Organic materials chemist Shawn Dirk focuses a projector during work on neural interfaces, which are aimed at improving amputees’ control over prosthetics with direct help from their own nervous systems. Focusing prior to exposing polymers ensures that researchers pattern the desired feature sizes for the interfaces. Photo: Randy Montoya
National Laboratories researchers, using off-the-shelf equipment in a chemistry
laboratory, have been working on ways to improve amputees’ control over
prosthetics with direct help from their own nervous systems.
materials chemist Shawn Dirk, robotics engineer Steve Buerger, and others are
creating biocompatible interface scaffolds. The goal is improved prosthetics
with flexible nerve-to-nerve or nerve-to-muscle interfaces through which
transected nerves can grow, putting small groups of nerve fibers in close
contact to electrode sites connected to separate, implanted electronics.
interfaces operate where the nervous system and an artificial device intersect.
Interfaces can monitor nerve signals or provide inputs that let amputees
control prosthetic devices by direct neural signals, the same way they would
control parts of their own bodies.
research focuses on biomaterials and peripheral nerves at the interface site.
The idea is to match material properties to nerve fibers with flexible,
conductive materials that are biocompatible so they can integrate with nerve
are a lot of knobs we can turn to get the material properties to match those of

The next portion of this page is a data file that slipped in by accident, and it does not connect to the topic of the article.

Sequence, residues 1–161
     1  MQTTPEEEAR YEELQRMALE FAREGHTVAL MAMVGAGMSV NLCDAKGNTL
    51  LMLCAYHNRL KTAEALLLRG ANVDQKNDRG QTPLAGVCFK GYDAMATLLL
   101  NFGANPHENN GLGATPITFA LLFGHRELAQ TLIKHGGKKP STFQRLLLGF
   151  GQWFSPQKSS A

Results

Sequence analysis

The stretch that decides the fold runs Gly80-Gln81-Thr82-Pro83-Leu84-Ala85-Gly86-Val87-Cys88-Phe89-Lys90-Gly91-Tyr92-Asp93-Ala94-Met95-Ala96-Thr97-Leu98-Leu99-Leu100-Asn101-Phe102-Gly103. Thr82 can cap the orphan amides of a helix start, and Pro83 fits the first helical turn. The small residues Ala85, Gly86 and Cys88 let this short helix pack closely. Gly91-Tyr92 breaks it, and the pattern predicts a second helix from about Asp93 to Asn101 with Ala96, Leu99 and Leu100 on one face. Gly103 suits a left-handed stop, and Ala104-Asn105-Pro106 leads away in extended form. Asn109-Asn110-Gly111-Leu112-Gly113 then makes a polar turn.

the nerves,” Dirk said.
added, “If we can get the right material properties, we could create a healthy,
long-lasting interface that will allow an amputee to control a robotic limb
using their own nervous system for years, or even decades, without repeat
are looking at flexible conducting electrode materials using thin evaporated
metal or patterned multiwalled carbon nanotubes.
work is in its early stages and it might be years before such materials reach
the market. Studies must confirm they function as needed, then they would face
a lengthy Food and Drug Administration approval process.
the need is there. The Amputee Coalition estimates 2 million people in the United States
are living with limb loss. The Congressional Research Service reports more than
1,600 amputations involving U.S.
troops between 2001 and 2010, more than 1,400 of those associated with the
fighting in Iraq and Afghanistan.
Most were major limb amputations.
joining Sandia, Buerger worked with a research group at MIT developing
biomedical robots, including prosthetics. Sandia’s robotics group was
developing prosthetics before his arrival as part of U.S. Department of
Energy-sponsored humanitarian programs to reduce proliferation risks.
approached the problem from a technical point of view, looking at improving
implantable and wearable neural interface electronics. However, Buerger said
that didn’t address the central issue of interfacing with nerves, so
researchers turned to Dirk’s team.
goes after the crux of the problem,” he said.
challenges are numerous. Interfaces must be structured so nerve fibers can grow
through. They must be mechanically compatible so they don’t harm the nervous
system or surrounding tissues, and biocompatible to integrate with tissue and
promote nerve fiber growth. They also must incorporate conductivity to allow
electrode sites to connect with external circuitry, and electrical properties
must be tuned to transmit neural signals.
presented a paper on potential neural interface materials at the winter meeting
of the Materials Research Society, describing Sandia’s work in collaboration
with the University of New Mexico and MD Anderson Cancer Center in Houston. Co-authors are
Buerger, UNM assistant professor Elizabeth Hedberg-Dirk, UNM graduate student
and Sandia contractor Kirsten Cicotte, and MD Anderson’s Patrick Lin and
researchers began with a technique first patented in 1902 called electrospinning,
which produces nonwoven fiber mats by applying a high-voltage field between the
tip of a syringe filled with a polymer solution and a collection mat. Tip
diameter and solution viscosity control fiber size.